April 25, 2005 Honolulu Tuesday
A blessing rain awakens me in the dark before dawn. I lift into the spirit
Of rain. It’s like the sweet urgency of sex with a beloved, this rain.
We are home I tell my spirit who has momentarily become the rain.
We are home my arms tell my beloved who rolls close sweetly to seal the absence.
Yesterday I traveled in the sky, over houses, businesses and churches,
Over cornfields. And over rolling hills of brush, trees and rivers
And through the principalities of birds, animals and various elemental kingdoms.
And above snowy mountains and wide palms of desert. I flew over my mother’s house,
my sisters’ and my brothers’ houses. And over my daughter’s house. I flew over babyhood, childhood and the wilderness of bad decisions. The last hours of the flight were through an eternity of blue to make it home to this island.
This morning I woke and I know where I am.
Yesterday I stumbled up in a grand old hotel room in Des Moines at four a.m.. A few days before I arose to greet the dawn in Evansville, Indiana in a hotel out
on an American strip of junk food.
Before that it was a b and b in Albuquerque where I lay for two days crashing from exhaustion. Sunrise came to me then in a poem and I was renewed when I went out
into the crisp dawn.
Before Albuquerque was Mesilla, New Mexico and I woke in the room thinking I was at my cousin’s duplex in West Hollywood and then I dove back under and found myself in that desert motel under refrains of doves and other birds and clouds of family.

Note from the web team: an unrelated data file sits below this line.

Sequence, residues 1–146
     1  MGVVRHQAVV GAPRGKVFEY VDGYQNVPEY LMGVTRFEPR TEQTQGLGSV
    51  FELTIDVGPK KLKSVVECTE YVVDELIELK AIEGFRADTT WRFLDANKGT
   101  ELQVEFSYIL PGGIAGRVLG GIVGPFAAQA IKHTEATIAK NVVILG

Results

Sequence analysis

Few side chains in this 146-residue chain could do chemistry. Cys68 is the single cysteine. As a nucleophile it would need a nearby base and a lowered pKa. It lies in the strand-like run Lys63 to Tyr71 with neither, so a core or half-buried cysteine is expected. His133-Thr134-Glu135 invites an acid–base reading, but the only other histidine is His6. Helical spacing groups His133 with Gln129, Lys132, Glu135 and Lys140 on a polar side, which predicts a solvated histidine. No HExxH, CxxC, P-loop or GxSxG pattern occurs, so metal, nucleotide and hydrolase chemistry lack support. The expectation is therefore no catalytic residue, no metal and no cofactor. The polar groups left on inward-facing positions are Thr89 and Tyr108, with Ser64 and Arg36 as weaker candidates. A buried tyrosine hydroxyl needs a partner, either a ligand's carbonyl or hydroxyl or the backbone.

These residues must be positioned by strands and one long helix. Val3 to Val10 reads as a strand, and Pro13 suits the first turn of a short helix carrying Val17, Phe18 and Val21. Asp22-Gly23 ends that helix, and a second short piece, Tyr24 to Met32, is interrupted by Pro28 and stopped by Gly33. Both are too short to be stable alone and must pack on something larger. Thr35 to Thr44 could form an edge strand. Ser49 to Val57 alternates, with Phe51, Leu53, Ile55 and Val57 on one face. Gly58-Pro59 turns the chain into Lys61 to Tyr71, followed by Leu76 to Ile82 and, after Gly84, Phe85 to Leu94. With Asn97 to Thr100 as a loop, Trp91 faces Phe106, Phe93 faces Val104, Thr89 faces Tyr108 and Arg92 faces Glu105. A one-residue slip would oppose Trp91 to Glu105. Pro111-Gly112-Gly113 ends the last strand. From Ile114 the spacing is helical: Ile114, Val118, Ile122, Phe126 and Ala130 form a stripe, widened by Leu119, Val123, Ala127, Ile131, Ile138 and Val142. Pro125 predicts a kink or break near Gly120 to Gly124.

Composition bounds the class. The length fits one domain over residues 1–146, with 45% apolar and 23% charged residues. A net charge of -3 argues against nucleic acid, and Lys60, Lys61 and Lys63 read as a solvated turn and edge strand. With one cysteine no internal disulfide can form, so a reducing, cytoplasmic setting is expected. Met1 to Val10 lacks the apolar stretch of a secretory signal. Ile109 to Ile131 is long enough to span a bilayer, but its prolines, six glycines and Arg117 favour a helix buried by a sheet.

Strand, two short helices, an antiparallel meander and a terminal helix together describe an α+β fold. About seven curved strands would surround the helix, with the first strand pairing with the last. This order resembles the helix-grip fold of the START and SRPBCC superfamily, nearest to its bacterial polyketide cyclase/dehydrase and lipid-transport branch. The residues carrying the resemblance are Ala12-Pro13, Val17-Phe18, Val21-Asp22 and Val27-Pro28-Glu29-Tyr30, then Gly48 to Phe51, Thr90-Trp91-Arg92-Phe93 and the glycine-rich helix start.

Before Mesilla it was a rundown hotel in the middle of Berkeley during a cold snap. The ridged back heaters threw off a little heat around their middles. I froze. I was in and out of that place in a snap.
And before that it was my cousin’s in West Hollywood. That house knows it will be torn down in the next few years, knows that everything is changing and its spirit heaves
with the knowledge. I landed there from L’Enfant Plaza Hotel in D.C. from smack in the middle of a testing field. The cherry blossoms were perfectly aroused.
I was given refuge before that at my cousin’s in my home in West Hollywood. It was perfectly spring. Spirits congregate in that house.
And before that in a motel in Newark, Ohio where I saw a groundhog chewing breakfast at the side of the road as I was driven from the hotel to my first class at Denison University.
And before that I left this island for this journey. I knew it would be a long one and walked the yard and the house, gathering what I needed along the way.
I return rich with stories, with new friends, with renewal of friendships, with disappointments, with accomplishments, with a resolve to keep moving beautifully no matter where I am. On this trip more than any other I realize how much assistance I am given to make it through this world. I see the faces of everyone who has picked me up from the airport, returned me, carried my bags, cooked meals, greeted me, shared stories, poems, songs. We have laughed and cried together. Sat silently together. Walked the grounds of old Mississippian Mounds in late afternoon. Talked the stuff of poetry: which is more about heartbreak, survival, loss, and self-deprecation than it is about who’s who or the mechanics of poetry. Yesterday morning stood in the dark in Des Moines with two poets I had met along the way. Our small knot of beingness was a prayer for poetry. We traveled off to our different directions. I turn back to acknowledge all this. I look forward into the dawn.
Green, broad leaves of plants are sprinkled freshly from the light rain. Plumeria blossoms are bright with love. The sun is rising above Ko’o’laus. I am home.